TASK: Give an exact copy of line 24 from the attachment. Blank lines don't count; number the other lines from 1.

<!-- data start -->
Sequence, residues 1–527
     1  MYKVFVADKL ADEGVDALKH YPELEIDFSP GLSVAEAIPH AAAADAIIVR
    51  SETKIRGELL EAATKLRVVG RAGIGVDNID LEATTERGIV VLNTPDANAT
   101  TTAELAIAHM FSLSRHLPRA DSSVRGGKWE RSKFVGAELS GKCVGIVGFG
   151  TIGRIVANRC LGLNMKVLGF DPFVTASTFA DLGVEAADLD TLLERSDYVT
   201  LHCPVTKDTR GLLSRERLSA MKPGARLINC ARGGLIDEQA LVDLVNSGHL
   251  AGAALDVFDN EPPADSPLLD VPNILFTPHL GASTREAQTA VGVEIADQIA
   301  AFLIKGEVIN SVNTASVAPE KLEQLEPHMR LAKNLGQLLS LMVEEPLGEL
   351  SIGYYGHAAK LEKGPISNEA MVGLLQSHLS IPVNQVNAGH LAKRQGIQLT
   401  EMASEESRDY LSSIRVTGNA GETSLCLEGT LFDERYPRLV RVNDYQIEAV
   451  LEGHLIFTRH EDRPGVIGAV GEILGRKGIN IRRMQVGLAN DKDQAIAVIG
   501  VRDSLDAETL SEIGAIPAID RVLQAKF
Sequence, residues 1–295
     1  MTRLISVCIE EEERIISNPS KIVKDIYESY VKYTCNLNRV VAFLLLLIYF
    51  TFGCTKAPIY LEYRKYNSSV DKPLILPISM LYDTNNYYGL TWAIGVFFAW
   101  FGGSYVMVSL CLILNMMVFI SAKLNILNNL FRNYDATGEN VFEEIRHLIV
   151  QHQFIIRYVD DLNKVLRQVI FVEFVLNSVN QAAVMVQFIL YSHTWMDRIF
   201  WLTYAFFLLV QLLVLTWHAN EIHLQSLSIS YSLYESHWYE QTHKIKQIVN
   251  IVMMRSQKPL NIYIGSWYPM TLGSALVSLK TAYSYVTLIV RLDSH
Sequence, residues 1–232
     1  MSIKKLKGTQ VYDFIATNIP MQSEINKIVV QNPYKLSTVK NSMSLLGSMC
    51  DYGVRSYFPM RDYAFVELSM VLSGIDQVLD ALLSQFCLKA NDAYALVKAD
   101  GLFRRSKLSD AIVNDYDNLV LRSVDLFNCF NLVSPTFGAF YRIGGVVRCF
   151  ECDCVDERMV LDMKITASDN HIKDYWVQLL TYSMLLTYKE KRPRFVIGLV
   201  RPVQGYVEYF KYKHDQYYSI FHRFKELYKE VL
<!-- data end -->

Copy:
   151  ECDCVDERMV LDMKITASDN HIKDYWVQLL TYSMLLTYKE KRPRFVIGLV